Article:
Two of the five defendents leaving the court. Photograph Ahmet DumanliThe defendants mobilised an equivalent number of lawyers. They refrained from bellowing at the judge but the two groups exchanged direct abuse until the judge observed that this was a courtroom, not the national assembly. This raised a laugh.Then, after a warning, he ordered the shouter-in-chief of the rightwing lawyers to be removed. Some of his colleagues scuffled briefly with the twenty or thirty riot-police who poured into the court to ensure that the order was carried out. When it was, they lapsed into silencAfterwards, one of the defence lawyers, a former head of the Istanbul bar association, said that he had never seen such behaviour before. He was evidently unaware that a similar attack had been mounted at Pamuk’s hearing only eight weeks before (see Joan Smith's account of the event for English PEN). It was an audacious, planned attempt to bully the system which no court of law should have tolerated for a moment. Instead, the Turkish Union of Lawyers were given time, and in a sense a dangerous permission, to act as hooligans.

Each defendant spoke briefly to a written statement. Belge told the court that justice and law were the most important things a society could offer – much more than tanks and guns. He found the proceedings shameful, thought they should never have been held and felt no need to defend himself. After he spoke, as after every statement, the judge carefully dictated a public summary of the testimony to a clerk sitting at a computer-screen in front of him. (The process apparently originated in the need to ensure that those involved in court cases who were illiterate could understand what was being recorded; the patient acceptance of this laborious procedure in the courtroom seemed to reflect a sense of appropriate legality that was the other side of the rightwing lawyers' bullying.)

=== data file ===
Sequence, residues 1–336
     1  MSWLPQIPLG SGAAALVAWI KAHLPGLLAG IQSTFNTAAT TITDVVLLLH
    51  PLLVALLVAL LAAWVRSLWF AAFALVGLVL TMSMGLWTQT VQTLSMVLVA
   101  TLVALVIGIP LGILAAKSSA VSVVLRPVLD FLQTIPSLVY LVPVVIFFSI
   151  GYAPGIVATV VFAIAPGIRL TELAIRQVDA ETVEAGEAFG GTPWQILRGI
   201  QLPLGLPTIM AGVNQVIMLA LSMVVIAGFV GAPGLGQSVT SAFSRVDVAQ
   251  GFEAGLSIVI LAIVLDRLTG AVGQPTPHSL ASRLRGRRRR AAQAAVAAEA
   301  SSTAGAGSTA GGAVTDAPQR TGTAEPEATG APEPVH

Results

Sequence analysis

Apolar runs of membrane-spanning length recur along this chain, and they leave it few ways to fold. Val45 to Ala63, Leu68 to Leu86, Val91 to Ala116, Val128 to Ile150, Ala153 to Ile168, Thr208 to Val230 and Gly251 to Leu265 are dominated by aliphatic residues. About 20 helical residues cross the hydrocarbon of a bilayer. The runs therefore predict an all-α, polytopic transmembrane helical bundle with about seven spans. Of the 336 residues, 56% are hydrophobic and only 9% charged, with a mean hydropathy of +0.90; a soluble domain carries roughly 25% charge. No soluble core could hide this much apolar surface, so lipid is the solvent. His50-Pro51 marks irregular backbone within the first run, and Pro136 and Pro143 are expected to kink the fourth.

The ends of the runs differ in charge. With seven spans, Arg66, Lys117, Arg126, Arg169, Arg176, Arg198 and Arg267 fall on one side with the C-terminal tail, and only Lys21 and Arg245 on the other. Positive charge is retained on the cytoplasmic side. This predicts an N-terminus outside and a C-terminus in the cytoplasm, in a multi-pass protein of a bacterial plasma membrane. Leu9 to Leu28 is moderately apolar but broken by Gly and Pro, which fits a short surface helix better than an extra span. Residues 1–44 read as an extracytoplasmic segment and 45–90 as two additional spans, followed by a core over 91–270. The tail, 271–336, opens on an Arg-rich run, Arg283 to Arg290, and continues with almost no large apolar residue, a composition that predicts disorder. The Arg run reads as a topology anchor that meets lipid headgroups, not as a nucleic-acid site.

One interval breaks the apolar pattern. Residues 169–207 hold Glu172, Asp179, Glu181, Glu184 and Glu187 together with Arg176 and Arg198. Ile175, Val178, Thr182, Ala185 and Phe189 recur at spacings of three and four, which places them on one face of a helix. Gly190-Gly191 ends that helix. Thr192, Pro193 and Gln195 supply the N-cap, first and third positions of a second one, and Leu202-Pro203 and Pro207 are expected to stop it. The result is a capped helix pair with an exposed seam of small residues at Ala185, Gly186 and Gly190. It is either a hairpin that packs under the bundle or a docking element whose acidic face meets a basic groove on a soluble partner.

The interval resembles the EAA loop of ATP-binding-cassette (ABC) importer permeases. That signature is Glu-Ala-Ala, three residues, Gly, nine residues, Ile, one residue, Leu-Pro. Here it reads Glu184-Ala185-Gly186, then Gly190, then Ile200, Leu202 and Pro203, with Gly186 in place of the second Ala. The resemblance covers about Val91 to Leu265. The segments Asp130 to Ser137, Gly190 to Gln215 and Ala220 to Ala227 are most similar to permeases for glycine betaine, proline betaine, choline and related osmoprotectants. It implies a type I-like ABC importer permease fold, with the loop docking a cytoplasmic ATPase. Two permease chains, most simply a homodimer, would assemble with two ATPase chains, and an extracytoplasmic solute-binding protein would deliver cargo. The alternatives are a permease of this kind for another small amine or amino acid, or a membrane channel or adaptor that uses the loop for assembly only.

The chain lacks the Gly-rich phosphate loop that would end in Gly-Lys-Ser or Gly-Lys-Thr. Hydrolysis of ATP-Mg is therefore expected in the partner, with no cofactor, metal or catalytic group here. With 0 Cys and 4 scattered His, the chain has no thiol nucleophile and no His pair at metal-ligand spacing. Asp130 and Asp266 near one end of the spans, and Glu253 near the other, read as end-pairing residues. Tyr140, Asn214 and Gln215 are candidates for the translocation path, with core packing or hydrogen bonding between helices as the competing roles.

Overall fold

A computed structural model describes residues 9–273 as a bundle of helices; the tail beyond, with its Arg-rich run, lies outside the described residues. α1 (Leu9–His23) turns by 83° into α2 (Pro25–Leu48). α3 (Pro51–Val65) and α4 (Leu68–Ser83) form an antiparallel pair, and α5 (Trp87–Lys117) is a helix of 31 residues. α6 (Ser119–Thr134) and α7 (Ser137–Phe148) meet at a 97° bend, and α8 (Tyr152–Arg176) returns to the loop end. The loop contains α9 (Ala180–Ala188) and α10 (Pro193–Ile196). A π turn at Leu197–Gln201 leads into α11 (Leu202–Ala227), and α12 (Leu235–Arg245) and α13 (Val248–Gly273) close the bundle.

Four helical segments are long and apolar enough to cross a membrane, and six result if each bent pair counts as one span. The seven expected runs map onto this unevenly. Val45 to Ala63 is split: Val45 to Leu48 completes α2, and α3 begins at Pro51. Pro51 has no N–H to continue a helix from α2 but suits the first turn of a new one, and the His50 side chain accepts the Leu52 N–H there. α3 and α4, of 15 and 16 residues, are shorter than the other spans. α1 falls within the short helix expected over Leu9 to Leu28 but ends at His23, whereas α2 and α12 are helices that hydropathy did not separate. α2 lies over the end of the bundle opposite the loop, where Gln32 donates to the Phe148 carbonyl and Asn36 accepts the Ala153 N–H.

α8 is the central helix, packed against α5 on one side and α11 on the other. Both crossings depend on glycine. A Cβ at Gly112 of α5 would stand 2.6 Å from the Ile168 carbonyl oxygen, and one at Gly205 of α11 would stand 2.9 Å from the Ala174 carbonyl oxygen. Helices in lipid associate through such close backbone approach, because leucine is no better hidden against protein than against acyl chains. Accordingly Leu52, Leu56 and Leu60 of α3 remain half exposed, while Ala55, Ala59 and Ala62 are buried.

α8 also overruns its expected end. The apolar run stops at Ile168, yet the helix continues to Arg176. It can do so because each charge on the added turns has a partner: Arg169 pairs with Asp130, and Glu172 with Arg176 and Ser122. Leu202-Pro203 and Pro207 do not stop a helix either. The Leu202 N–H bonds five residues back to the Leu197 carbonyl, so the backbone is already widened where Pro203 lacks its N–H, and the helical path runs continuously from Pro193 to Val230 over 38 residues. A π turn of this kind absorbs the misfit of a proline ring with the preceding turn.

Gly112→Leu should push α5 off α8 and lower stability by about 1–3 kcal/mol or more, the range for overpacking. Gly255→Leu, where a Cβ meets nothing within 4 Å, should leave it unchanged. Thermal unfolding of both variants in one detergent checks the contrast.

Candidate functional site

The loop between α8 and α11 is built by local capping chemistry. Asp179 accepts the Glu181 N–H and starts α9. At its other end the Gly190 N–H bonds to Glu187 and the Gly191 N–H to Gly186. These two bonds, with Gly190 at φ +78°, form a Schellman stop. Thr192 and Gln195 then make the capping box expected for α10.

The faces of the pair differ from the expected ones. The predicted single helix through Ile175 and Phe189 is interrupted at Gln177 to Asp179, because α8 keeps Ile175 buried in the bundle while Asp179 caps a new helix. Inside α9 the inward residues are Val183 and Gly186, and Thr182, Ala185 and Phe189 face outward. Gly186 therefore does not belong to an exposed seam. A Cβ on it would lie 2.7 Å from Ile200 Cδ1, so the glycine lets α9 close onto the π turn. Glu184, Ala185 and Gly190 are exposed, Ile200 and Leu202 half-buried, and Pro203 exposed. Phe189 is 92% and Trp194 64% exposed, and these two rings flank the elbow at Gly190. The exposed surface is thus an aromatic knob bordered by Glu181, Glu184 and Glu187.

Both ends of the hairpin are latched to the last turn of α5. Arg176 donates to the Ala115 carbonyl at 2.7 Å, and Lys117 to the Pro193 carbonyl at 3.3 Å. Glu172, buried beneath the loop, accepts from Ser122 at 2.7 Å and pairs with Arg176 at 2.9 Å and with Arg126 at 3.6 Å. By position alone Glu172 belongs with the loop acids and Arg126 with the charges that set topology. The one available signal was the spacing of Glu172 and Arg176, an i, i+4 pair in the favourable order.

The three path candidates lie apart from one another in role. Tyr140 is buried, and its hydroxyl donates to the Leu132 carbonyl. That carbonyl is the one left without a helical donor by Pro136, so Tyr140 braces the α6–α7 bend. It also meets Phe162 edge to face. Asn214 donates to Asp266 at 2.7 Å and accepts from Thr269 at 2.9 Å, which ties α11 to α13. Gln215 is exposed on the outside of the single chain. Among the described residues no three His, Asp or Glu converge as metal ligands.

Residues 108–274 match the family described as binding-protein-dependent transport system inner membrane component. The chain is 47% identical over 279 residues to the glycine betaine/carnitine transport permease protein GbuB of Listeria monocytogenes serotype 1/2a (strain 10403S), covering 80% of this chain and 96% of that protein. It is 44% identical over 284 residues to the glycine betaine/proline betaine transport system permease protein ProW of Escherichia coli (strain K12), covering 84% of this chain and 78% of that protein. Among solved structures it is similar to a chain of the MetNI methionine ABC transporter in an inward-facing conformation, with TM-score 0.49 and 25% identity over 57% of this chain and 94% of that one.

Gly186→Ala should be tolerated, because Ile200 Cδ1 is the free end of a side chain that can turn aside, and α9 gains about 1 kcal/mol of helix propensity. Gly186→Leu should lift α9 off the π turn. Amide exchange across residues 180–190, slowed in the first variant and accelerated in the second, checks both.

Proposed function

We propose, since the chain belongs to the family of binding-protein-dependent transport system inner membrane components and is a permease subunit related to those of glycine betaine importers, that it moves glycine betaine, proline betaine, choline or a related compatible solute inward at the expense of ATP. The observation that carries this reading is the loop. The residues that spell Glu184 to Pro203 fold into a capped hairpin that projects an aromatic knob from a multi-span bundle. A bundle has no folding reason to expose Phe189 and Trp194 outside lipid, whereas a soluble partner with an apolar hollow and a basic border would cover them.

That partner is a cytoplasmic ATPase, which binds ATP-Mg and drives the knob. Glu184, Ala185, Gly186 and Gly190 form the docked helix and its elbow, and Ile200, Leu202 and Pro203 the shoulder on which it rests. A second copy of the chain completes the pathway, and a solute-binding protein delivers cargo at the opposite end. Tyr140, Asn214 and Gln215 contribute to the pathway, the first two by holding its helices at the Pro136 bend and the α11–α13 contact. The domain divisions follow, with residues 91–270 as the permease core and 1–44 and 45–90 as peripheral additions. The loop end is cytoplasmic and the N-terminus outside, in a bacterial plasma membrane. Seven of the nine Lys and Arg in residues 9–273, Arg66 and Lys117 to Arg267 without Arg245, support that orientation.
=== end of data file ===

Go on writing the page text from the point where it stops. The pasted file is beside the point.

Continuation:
At the end of the defendants' testimony, the judge announced that he would consult the public prosecutor about the defence arguments and postponed the trial to 11 April. The likelihood is that, on that occasion, the charges will be dismissed.

Turkey and democracy

What does this experience say about the condition of free speech, and of democracy, in Turkey? What seemed plain in that Istanbul courtroom is that there is a battle between two Turkeys. One is lively, cosmopolitan, growing in wealth, feels humiliated by the trials and wants to see an end to the influence of militaristic nationalism. Its patriotism seeks an enhanced place for Turkey in the world through membership of the European Union.

The other draws upon an incendiary mix which is in the Turkish air: of rightwing (even fascist) rage, nationalist opportunism and Islamic fundamentalism. It is fuelled economically by very high unemployment and politically by the polarisation of sentiments now sweeping the region. It seeks a "greater Turkey".

The paradox, as Murat Belge himself has argued, is that Turkey's conservative modernisation is taking place under the leadership of the moderate Islamist prime minister Recep Tayyip Erdogan and his foreign minister Abdullah Gul. Their political project has some echoes of the desire of people in the former Soviet bloc to see the "normalisation" of their own countries at the end of the cold war.